In my experience not being sporty is often seen as a moral failing or some kind of personality deficiency by sporty types and little Hitlers bullying PE teachers.

Mintjulia Sat 24-Jul-21 23:59:59

Is this school sports day? Every year children are humiliated and shamed and made to feel utterly worthless. But it isn't sport that is the problem, it's the way it is handled in primary schools. So many DC's made to feel useless and have their confidence destroyed.

I put an end to sports days when my primary age child threatened in all seriousness to kill himself if he was ever forced to do sports day again.

Now 4 years later, he is happy in his three chosen sports. But they aren't team sports, no picking team members in class, no bullying, no humiliation.

Eatenpig Sun 25-Jul-21 00:00:15

Join a different club. Within all sports there's great ones & hideous ones. No more so than football. I know it all well as have been involved in a range of youth sports for years. Each club has its own culture. It's the same in swimming, rugby, hockey, cricket, tennis. Loads of great youth focused clubs and some that are win at all costs and not about kids enjoyment & development at all. Just shop around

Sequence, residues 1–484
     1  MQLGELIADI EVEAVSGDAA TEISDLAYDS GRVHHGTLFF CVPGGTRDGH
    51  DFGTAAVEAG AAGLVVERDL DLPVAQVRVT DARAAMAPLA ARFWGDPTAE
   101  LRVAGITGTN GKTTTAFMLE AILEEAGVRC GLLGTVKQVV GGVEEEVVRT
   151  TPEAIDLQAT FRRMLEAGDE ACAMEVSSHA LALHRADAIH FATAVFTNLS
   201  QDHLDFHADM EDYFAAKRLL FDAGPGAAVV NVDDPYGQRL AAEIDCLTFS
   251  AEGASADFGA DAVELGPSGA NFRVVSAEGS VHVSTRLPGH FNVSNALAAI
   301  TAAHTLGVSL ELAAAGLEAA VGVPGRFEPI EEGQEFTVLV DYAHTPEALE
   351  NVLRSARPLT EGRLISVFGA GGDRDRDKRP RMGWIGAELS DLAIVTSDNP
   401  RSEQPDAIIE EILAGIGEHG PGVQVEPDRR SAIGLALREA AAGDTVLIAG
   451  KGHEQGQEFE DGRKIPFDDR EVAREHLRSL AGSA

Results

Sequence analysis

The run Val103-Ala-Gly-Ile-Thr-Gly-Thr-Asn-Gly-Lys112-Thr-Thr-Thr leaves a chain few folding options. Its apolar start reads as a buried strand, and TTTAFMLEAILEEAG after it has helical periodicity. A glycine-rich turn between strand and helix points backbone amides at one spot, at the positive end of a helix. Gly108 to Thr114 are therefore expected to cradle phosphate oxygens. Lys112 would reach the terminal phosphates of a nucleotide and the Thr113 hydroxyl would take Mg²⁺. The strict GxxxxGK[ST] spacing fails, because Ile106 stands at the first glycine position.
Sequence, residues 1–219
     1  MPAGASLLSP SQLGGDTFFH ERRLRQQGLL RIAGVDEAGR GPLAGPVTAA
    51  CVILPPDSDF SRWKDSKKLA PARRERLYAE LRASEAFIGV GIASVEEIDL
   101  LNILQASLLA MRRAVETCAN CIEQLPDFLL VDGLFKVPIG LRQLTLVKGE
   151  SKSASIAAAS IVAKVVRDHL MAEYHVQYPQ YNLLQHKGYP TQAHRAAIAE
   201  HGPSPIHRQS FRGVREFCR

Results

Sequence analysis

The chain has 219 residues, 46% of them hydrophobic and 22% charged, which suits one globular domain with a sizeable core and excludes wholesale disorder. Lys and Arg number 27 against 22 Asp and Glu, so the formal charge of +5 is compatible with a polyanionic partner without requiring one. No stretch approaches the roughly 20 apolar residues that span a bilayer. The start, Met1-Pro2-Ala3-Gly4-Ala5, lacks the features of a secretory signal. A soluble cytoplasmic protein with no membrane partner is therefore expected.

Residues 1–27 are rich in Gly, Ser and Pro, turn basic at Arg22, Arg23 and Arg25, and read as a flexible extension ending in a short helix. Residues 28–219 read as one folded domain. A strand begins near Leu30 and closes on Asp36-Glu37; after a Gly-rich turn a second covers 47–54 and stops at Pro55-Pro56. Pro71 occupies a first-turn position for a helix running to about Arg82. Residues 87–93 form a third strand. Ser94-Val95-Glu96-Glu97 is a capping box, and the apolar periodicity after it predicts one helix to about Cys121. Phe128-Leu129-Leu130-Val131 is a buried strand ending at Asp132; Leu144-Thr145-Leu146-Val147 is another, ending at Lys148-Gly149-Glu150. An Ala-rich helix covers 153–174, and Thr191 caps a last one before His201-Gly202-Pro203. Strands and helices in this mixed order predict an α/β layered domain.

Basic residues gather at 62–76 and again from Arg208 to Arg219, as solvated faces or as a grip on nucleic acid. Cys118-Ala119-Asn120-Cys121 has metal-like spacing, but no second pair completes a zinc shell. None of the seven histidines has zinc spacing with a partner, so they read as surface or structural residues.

Bryonyshcmyony Sun 25-Jul-21 00:01:13

The vast majority of state school pe teachers are very well trained and not at all bullying. Quite frankly they have a thankless job which I wouldn't have the patience for in a million years. Good on them for trying to make a difference.

RampantIvy Sun 25-Jul-21 00:01:44

I can see that the posters who think YABU are very sporty, which kind of proves my point.

ThePlantsitter Sun 25-Jul-21 00:02:05

Competitive sport encourages people to give up if they're not good enough to win. It's a crap way to tackle obesity. I'm with you OP. People can do it if they like obvs but I wish there were properly supported alternatives.

Eatenpig Sun 25-Jul-21 00:03:03

BootsScootsAndToots

Dd1 has just started netball which has been going well.

Until the last game where the coach has introduced awards each game for just 2 players. FFS what is the point of a team sport if individuals are being singled out 😣

We'll see how the rest of the season goes but it could be one and done for netball which would be a shame.


But a great coach will give it for effort, trying new skills, great play etc and different kids get it. They may get the kids to vote each game. Can be used in the right way to focus on good behaviour and effort

Bryonyshcmyony Sun 25-Jul-21 00:03:30

RampantIvy

I can see that the posters who think YABU are very sporty, which kind of proves my point.

I'm not. Arthritis stopped that. My kids are though, and it's been amazing for them - they are fit and healthy, have great friends and good mental health.

UsedUpUsername Sun 25-Jul-21 00:03:53

YABU

Yours isn’t a universal experience and I firmly believe in the value of team sports, for both girls and boys.

You don’t need to be particularly good, not all settings are crazy competitive.